A lot has been written about my general distaste for the modern exploitation of retro aesthetics in lieu of innovative game design (no, seriously, scroll down a bit, I’ve written a lot about it), so I feel the need to start off by saying that I don’t lump Life of Pixel into that category. Yes, it does very much live and die on its ability to emulate the look and feel of numerous older consoles, but it hits those same notes in a different way, making a composition all its own.
The first time I played Life of Pixel was on the Vita, because for some reason I wanted to use the most technologically advanced handheld ever made to play something intentionally archaic. It sounded like a good idea at the time and, to be fair, there wasn’t much to play on the Vita. Many would argue there still isn’t, which is probably a good reason why it was the game I spent the most time with during my short tenure as a Vita owner as the price point was just right and the concept of traveling through the various eras of 2D gaming had more shelf-life than I’d originally expected.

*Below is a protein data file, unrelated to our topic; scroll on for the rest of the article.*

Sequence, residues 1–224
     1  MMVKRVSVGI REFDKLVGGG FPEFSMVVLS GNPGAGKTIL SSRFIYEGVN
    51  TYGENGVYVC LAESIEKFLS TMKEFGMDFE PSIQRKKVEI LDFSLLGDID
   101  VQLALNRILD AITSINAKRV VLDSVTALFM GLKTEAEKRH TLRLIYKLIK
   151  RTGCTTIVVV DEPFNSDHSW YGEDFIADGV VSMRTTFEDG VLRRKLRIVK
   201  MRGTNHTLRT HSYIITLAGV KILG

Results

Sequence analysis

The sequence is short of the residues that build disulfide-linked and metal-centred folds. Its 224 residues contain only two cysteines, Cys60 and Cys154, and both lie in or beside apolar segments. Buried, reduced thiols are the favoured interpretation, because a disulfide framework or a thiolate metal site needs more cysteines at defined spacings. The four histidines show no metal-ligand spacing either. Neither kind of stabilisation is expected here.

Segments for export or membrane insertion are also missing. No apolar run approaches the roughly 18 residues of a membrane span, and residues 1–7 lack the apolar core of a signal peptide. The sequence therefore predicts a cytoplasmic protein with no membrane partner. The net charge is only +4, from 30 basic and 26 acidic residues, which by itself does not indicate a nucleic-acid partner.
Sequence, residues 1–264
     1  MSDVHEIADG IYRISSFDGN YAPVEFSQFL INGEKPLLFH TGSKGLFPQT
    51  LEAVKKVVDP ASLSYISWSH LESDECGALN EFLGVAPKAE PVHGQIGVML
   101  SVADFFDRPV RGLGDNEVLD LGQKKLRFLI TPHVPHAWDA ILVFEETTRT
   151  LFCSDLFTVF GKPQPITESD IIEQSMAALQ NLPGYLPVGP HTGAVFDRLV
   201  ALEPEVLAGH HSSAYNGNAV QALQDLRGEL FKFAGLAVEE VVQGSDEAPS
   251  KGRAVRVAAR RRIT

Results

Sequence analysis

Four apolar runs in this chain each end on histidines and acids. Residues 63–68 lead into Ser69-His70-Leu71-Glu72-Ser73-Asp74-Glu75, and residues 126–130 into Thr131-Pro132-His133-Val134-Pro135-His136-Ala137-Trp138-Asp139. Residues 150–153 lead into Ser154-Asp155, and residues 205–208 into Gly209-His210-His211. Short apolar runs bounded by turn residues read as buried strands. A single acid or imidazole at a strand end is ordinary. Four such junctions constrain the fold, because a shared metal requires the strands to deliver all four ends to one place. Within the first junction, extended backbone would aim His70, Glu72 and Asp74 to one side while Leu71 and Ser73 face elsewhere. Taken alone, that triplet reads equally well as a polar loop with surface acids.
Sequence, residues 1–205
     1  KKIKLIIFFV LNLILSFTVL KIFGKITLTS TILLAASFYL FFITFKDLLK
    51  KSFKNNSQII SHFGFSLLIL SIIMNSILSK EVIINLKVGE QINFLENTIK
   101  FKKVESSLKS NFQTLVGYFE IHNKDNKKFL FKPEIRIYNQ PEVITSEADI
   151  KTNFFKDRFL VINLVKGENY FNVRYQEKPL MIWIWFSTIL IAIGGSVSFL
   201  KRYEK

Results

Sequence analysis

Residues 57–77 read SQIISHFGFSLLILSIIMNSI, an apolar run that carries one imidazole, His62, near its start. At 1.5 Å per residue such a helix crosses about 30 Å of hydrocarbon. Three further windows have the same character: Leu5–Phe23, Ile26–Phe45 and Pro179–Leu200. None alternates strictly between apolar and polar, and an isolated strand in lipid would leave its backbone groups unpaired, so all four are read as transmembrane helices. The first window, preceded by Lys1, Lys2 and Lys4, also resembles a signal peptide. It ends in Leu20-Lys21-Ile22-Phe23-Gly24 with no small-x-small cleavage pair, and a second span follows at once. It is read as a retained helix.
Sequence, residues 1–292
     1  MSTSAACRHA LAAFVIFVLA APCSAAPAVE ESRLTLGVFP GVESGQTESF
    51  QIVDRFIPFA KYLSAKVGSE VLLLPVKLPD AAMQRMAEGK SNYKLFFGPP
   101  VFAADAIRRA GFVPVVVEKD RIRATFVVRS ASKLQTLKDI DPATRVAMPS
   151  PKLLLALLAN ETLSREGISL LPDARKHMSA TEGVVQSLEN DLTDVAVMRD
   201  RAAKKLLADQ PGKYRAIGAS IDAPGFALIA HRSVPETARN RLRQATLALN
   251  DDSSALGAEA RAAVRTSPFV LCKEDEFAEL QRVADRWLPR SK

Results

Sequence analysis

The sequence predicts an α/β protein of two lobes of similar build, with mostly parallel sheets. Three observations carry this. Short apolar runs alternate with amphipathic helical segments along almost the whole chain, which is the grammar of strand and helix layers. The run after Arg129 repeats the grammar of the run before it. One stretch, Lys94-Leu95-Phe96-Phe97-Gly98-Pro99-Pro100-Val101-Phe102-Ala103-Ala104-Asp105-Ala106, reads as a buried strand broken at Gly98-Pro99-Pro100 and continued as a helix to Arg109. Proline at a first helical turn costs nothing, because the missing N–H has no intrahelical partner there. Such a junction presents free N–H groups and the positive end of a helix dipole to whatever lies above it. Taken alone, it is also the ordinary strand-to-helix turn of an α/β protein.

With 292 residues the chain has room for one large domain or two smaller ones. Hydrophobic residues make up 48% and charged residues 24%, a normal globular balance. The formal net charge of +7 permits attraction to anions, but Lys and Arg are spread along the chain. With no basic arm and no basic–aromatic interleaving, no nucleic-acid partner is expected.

Life of Pixel feels like less like a singular game than a collection of games in a series, each a rather simple platformer that gradually evolves with each new installment. I was initially reminded of Retro Game Challenge and the way it offered a slow drip feed of new games over time. While you’re given a sizable number of consoles to jump right into, the appeal is in starting from the ultra-simplistic ZX81 and eventually settling on the most powerful of home consoles, the Sega Mega Drive.
Did I mention that the game is very obviously European? Most of your choices will be from the slate of home computers offered overseas like the BBC Micro and Amstrad CPC, but you’ll still see the Atari 2600 and NES make an appearance. As someone that has a bit of a knowledge gap but a huge intellectual interest in that era and region of gaming, it’s really cool to see someone intentionally shoot for the awfully bright and gaudy look of a ZX Spectrum title and that sort of attention to detail is where the game excels. There’s a care involved that’s harder to find in other attempts at the same idea, coming off less like an exploitation of an idea than a love letter and celebration of the medium as a whole. Most games wouldn’t bother to give you a brief history lesson on the Game Boy, let alone how much VRAM it had.
It’s a niche product for sure; made by nerds of a specific inclination to be digested by nerds of a similar ilk, but that’s quite alright. If we’re to continue using old game tropes and call-backs, games like Life is Pixel and Evoland should be the examples to go by, giving context to the things we want to revisit, but would typically meet with a dismissive nod after a few seconds uttering “yeah, that’s kinda neat.” Give players a reason to stay.
“Give us a reason to stay.” I think that was Oscar Wilde? No, wait, that was Tracy Chapman. I get my great philosophers mixed up.